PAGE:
The follow text is from a previous post entitled, “Dependence Day:”
I’ll be honest. I’m not a fan of Independence Day. I’m trying to sort through whether that opinion is fueled by the despicable taste in in my mouth when I see red, white, and blue waving as a symbol of national allegiance and empire worship or simply by my struggle to intellectually and philosophically value independence. Freedom is good and necessary but cannot exist through the supposed provision of an earthly empire. Freedom is in the person of Jesus Christ and is quite different from that with which it is quite often confused, “rights.”
My reading on July 3rd proved to be rather timely for the upcoming day celebrated by most citizens of the United States. From Free of Charge by Miroslav Volf:
“Here is roughly how sin works in relation to God the giver. All things are from God and through God, and yet we want to be independent of God, standing on our own two feet, claiming God’s gifts as our own achievement. The young Karl Marx, barely twenty-six years old, put this sentiment as boldly as possible. In a text that remained unpublished during his lifetime, ‘Economic and Philosophical Manuscripts,’ he gave an expression to the heart of his rebellion against God:
‘A being only counts itself as independent when it stands on its own feet and it stands on its own feet as long as it owes its existence to itself. A man who lives by grace of another considers himself a dependent being. But I live completely by grace of another when I owe him not only the maintenance of my life but when he has also created my life, when he is the source of my life. And my life has necessarily such a ground outside itself if it is not my own creation.’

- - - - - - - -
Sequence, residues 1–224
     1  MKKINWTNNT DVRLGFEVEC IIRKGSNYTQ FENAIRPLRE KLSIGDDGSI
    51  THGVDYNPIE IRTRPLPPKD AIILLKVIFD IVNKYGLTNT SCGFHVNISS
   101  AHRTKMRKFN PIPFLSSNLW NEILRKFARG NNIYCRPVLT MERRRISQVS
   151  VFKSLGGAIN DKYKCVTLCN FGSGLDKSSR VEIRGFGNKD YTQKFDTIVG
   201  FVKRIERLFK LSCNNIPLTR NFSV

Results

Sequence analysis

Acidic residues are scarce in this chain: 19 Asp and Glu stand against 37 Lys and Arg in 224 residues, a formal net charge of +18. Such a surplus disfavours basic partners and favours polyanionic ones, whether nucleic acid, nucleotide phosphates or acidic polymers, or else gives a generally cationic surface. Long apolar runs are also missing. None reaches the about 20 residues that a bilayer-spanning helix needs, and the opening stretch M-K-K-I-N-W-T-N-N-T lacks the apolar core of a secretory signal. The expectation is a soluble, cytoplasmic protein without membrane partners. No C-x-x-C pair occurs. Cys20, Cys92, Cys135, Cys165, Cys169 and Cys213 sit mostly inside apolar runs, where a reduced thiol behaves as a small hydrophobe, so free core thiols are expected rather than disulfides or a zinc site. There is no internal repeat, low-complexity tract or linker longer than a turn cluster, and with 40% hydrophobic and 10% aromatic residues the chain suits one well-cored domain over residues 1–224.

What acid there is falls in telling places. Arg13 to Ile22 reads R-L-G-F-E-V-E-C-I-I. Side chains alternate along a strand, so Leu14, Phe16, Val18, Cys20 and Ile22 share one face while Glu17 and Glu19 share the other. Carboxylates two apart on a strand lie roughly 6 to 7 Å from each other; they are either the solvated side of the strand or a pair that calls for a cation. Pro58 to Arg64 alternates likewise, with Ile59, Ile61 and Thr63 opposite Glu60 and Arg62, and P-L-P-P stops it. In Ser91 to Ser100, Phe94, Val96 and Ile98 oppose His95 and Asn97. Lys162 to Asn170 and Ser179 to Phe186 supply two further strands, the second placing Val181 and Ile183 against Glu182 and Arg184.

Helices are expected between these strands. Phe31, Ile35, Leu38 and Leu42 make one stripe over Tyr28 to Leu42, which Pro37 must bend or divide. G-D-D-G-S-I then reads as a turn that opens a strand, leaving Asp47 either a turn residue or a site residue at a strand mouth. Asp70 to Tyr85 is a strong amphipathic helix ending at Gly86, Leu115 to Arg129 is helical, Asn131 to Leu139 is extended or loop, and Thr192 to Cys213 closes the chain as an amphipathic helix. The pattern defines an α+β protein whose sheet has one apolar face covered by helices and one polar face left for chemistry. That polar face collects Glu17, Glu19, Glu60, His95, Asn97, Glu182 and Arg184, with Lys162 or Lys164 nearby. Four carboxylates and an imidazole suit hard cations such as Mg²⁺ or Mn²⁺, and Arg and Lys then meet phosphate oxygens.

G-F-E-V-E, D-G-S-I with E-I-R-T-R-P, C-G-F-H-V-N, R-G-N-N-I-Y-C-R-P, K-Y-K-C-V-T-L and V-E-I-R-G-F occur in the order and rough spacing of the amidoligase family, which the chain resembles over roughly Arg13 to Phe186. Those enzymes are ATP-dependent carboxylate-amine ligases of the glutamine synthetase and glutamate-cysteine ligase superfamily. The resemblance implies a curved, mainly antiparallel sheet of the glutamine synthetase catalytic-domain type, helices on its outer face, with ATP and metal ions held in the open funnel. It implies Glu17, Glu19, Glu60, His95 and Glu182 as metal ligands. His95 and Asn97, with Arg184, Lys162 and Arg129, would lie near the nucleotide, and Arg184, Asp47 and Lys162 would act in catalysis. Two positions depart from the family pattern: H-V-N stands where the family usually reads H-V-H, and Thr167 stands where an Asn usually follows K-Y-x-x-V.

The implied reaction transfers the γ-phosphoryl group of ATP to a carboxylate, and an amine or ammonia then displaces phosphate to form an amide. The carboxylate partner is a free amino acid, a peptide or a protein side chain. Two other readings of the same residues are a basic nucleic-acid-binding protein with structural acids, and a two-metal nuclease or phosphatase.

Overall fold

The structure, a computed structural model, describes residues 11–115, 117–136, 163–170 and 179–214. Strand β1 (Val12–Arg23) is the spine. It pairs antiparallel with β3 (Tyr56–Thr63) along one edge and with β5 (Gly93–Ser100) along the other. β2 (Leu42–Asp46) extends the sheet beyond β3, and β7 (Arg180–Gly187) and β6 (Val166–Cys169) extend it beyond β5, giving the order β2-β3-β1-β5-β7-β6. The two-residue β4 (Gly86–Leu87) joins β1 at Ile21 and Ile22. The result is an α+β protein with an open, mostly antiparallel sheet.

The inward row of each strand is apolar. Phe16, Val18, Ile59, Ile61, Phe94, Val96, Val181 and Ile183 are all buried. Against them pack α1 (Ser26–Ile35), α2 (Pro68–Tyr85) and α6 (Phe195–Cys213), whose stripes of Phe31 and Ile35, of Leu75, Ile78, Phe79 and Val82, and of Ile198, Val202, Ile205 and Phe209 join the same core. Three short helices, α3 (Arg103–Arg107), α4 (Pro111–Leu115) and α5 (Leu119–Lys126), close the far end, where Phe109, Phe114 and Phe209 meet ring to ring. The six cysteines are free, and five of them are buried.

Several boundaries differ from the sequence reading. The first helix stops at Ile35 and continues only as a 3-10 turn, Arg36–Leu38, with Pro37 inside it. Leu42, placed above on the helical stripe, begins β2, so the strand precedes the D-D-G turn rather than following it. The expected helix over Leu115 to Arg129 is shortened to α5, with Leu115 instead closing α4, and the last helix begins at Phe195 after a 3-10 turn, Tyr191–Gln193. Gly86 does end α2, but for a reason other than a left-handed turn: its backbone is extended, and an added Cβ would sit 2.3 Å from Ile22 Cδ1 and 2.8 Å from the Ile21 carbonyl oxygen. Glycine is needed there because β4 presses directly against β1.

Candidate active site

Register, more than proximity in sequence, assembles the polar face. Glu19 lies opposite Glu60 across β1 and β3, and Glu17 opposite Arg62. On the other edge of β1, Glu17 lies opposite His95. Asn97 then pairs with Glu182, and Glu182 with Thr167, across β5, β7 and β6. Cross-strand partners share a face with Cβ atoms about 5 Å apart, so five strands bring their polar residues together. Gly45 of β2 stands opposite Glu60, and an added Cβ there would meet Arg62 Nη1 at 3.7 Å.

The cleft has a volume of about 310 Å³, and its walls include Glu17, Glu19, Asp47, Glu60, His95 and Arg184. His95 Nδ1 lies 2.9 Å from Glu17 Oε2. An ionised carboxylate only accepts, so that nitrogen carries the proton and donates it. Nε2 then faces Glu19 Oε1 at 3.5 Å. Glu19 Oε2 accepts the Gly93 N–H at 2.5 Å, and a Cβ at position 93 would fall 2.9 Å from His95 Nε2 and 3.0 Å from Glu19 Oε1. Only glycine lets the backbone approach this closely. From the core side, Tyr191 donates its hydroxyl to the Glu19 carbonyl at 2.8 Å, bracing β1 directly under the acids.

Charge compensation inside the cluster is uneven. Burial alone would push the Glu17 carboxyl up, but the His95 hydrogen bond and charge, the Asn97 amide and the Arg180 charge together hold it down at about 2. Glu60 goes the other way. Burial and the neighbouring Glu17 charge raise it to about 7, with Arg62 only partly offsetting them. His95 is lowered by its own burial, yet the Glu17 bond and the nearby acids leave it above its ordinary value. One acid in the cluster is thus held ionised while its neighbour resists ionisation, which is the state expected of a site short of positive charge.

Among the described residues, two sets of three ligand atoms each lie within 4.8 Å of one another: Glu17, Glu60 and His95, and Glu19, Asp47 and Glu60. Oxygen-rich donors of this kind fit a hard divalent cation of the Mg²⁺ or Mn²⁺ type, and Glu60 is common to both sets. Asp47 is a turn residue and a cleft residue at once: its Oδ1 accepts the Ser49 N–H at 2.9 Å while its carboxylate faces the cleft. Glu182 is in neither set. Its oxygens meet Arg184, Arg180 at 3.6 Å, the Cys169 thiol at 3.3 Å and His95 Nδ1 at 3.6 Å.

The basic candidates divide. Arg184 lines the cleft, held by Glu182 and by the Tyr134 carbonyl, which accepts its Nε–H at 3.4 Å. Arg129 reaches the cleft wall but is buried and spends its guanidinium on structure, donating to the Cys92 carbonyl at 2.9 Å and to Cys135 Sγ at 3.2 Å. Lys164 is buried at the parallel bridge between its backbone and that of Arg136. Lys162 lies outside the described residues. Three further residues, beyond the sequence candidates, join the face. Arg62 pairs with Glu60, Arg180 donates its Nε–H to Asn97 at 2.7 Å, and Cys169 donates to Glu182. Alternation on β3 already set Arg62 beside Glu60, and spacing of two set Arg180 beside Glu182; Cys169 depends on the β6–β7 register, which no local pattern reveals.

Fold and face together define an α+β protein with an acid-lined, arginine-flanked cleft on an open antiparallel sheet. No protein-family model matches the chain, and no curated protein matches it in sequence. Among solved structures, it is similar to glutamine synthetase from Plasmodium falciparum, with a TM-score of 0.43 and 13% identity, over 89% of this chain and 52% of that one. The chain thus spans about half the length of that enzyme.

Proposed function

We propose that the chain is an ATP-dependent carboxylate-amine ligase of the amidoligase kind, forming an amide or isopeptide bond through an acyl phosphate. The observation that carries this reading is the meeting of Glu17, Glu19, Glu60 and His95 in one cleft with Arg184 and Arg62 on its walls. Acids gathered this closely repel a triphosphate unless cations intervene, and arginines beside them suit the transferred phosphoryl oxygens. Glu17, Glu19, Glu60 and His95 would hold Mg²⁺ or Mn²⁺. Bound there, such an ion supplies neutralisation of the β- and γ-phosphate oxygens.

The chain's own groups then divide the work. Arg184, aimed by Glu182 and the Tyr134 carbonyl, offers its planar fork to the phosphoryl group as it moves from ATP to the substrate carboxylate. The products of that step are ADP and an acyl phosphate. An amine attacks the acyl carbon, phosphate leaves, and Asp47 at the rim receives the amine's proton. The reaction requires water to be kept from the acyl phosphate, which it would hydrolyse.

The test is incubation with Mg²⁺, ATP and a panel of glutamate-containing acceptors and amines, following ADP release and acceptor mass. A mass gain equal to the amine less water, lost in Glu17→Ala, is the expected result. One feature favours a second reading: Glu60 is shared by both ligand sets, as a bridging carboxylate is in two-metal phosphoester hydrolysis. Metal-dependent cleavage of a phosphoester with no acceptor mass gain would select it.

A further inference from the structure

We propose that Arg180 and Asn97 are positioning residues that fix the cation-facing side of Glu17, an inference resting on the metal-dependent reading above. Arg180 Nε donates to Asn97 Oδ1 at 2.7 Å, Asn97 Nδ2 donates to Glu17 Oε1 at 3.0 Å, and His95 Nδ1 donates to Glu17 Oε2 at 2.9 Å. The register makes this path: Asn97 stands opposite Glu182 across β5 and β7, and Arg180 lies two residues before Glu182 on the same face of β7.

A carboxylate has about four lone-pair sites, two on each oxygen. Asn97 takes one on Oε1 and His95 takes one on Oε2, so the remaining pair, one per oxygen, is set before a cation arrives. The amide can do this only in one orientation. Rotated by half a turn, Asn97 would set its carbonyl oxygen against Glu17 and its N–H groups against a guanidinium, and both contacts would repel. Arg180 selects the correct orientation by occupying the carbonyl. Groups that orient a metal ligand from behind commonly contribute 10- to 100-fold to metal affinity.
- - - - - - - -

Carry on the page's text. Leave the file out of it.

Marx held firmly to human independence. It almost seemed to him a value that lies at the bottom of all values. Because the reality of God as creator is incompatible with human independence, he denied the existence of God.
Most of us, especially the believers among us, won’t deny God’s existence in order to secure our independence. Instead, we think that we can have it both ways. We believe that we can stand on our own two feet, independent of God, and still affirm that God is the creator of everything. But that doesn’t make sense. We can be both dependent on God and free; dependence on God is the source of our being, and therefore, our freedom. But we can’t be created by God and independent; God sustains creatures in being and in freedom. When we assert our independence, when we ascribe to ourselves what comes from God, we wrong God – at least as much as I would wrong an author whose ideas I would peddle as my own. That’s our main sin against God the giver. If, like Raleigh Hays, we see ourselves as more or less honest, hardworking citizens, we may believe that we deserve what we have, and even a bit more because an evil world is cheating us of our proper reward. We might not feel particularly grateful for what we have because we think that, rather than receiving it, we earned it. And we want to dispose of our hard-earned goods the way we please; they become not so much gifts given to us to enjoy and pass on, but rather our exclusive possessions.
Assertion of independence, pride of achievement, sense of entitlement, and absolute right to dispose with our goods – these are the ways in which we live in contradiction to who we actually are in relation to God. And in these ways, we, decent citizens, live as inveterate sinners. To live in sync with who we truly are means to recognize that we are dependent on God for our very breath and are graced with many good things; it means to be grateful to the giver and attentive to the purpose for which the gifts are given.” //
// Miroslav Volf. Free of Charge: Giving and Forgiving in a Culture Stripped of Grace. pp. 35-6.